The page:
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  • Author: Nicoletta Varani x
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The contribution intends to present a framework as updated as possible on Azerbaijan, a country of which we are hearing more and more but not very well known and known to most, trying to provide an overview of what Azerbaijan is today, paying particular attention to the history of this interesting country in order to understand what it is today and even more what is the path taken for its future development. Therefore, some areas and aspects of the country have been identified, which will be, to follow, argued. Starting from the entirely geographical aspects to the more socio-cultural, then moving on to international relations and geopolitics and finally to the economic aspects.


Tourism remains a very vulnerable sector and sensitive to both internal and external impacts, such as economic and social crises, natural disasters, epidemics and diseases, national and international conflicts. Among these, the most alarming threat in the 21st century remains terrorism. In this sense, this paper aims to study the effects of the increasingly frequent terrorist attacks by the extremist factions of Al-Qaeda and ISIL on the tourism industry in the Mediterranean Region. The contribution, after having discussed in general the tourism market in the Mediterranean Region, intends to highlight the impacts and repercussions of the terrorist attacks on tourism, presenting the example of Egypt and one of its best-known tourist destinations, Sharm el-Sheikh. In this sense, it is shown how, in a few years, the political instability of the country and the attacks of 2005 and 2016 have significantly reduced the influx of tourists, transforming it from one of the most visited destinations in the world in a place of increasing abandonment.


The mobility of people is an important theme of geographical research because immigrant currents profoundly transform regional models, mainly urban areas, configuring themselves as a factor of social destabilization, as they change the composition of the population, triggering processes of mutual cultural contamination that are projected on the territory, differentiating it from its geographical surroundings. The contribution, starting from a look at international migration, intends to analyze different aspects related to the phenomenon of mobility such as globalization, sustainability and the role of International Cooperation in the light of the objectives of Agenda 2030 for sustainable development, challenges that concern not only the present, but especially the future.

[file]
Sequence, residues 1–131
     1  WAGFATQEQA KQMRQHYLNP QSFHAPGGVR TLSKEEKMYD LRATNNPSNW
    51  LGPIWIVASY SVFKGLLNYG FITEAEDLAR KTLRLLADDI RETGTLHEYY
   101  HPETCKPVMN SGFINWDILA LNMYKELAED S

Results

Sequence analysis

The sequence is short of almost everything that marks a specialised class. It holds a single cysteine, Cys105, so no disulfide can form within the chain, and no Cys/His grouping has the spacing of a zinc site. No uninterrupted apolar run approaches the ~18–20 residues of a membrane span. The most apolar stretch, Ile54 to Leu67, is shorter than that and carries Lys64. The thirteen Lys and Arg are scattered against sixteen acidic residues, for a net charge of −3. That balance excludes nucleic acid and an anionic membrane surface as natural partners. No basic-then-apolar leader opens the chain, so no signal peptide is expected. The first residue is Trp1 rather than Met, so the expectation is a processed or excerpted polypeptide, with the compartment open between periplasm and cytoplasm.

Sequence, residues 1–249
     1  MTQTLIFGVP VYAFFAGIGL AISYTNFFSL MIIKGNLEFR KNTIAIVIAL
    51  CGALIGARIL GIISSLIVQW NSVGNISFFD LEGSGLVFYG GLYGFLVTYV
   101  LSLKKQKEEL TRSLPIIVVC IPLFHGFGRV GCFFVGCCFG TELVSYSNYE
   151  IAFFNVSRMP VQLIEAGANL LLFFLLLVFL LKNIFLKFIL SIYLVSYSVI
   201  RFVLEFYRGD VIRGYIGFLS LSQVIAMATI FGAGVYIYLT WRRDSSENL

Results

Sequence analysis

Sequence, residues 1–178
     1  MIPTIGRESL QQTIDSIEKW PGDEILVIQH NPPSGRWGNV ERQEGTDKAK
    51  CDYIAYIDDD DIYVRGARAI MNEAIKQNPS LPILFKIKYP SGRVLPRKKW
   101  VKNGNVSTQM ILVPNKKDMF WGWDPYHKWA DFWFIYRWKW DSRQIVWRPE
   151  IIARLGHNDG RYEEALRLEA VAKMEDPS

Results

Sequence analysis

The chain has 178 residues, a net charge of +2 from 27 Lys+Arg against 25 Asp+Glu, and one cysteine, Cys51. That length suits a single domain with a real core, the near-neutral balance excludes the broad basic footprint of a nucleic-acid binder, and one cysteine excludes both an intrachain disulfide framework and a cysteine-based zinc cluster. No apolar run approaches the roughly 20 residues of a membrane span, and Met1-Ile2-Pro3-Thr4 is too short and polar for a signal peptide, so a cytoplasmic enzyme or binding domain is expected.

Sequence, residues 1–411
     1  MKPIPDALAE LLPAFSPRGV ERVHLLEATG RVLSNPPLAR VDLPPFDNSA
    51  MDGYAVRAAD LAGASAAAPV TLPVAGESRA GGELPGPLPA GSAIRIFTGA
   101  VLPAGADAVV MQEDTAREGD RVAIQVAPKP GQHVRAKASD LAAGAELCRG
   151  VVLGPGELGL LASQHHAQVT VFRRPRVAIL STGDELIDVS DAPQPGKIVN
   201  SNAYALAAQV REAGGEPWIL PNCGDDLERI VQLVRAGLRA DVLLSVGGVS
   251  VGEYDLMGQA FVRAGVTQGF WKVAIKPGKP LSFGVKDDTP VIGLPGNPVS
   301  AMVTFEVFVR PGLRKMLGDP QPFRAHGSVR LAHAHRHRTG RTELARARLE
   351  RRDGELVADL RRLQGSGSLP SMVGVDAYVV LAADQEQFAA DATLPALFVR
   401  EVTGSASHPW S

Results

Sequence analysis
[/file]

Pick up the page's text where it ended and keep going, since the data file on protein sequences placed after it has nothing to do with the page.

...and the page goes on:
Planetary interdependence makes the task of states and international organizations to guarantee security inside and outside national borders ever more urgent. The tendency is to widen the space from national to international and to conceive of security as multidimensional for the satisfaction of human needs, assumed as priority needs with respect to those of the States. The old concept of national security must today confront the new concept of human security cultivated within the United Nations, which places the fundamental rights of the individual and of people at the centre of attention and lays the foundations for overcoming the traditional politics of power.

The concept of human security emphasises the security of the individual and his protection from political violence, war and arbitrariness. It takes account of the strong correlation between peace policy, human rights policy, migration policy and humanitarian policy.

The contribution provides, through a series of social indicators such as the Global Peace Index (GPI), Corruption Perceptions Index (CPI) and the World International Security and Policy Index (WISPI), a framework on risk, security, human rights violations in the African continent and examines some significant case studies related to sub-Saharan Africa.


The phenomenon of migration has always existed during the history of man since the beginning of time, just think of the history of the diaspora of the Jewish people until the great migrations of the nineteenth century which involved several European peoples, including Italians, Germans, Poles, and non-Europeans, such as the Japanese, heading to North or South America.

This article, using official sources provided by IOM, UNHCR and other accredited international statistical sources, aims to offer a critical reflection about the motivations, routes and paths of migrants outside and inside Africa, showing that only a small part of them reach Europe.

In fact, the first attractive centre for internal migration is Côte d’Ivoire, one of the countries, together with Nigeria, which is the driving force behind the sparsely populated economy of West Africa, rich in agricultural raw materials (starting with cocoa and coffee).

Finally, particular attention is given to the Italian case because is the geographical area most affected by the landings of migrants. In fact, hostility towards migrants in Italy at the end of last year was on the increase: one Italian in two said he considered immigrants a danger and was afraid of it.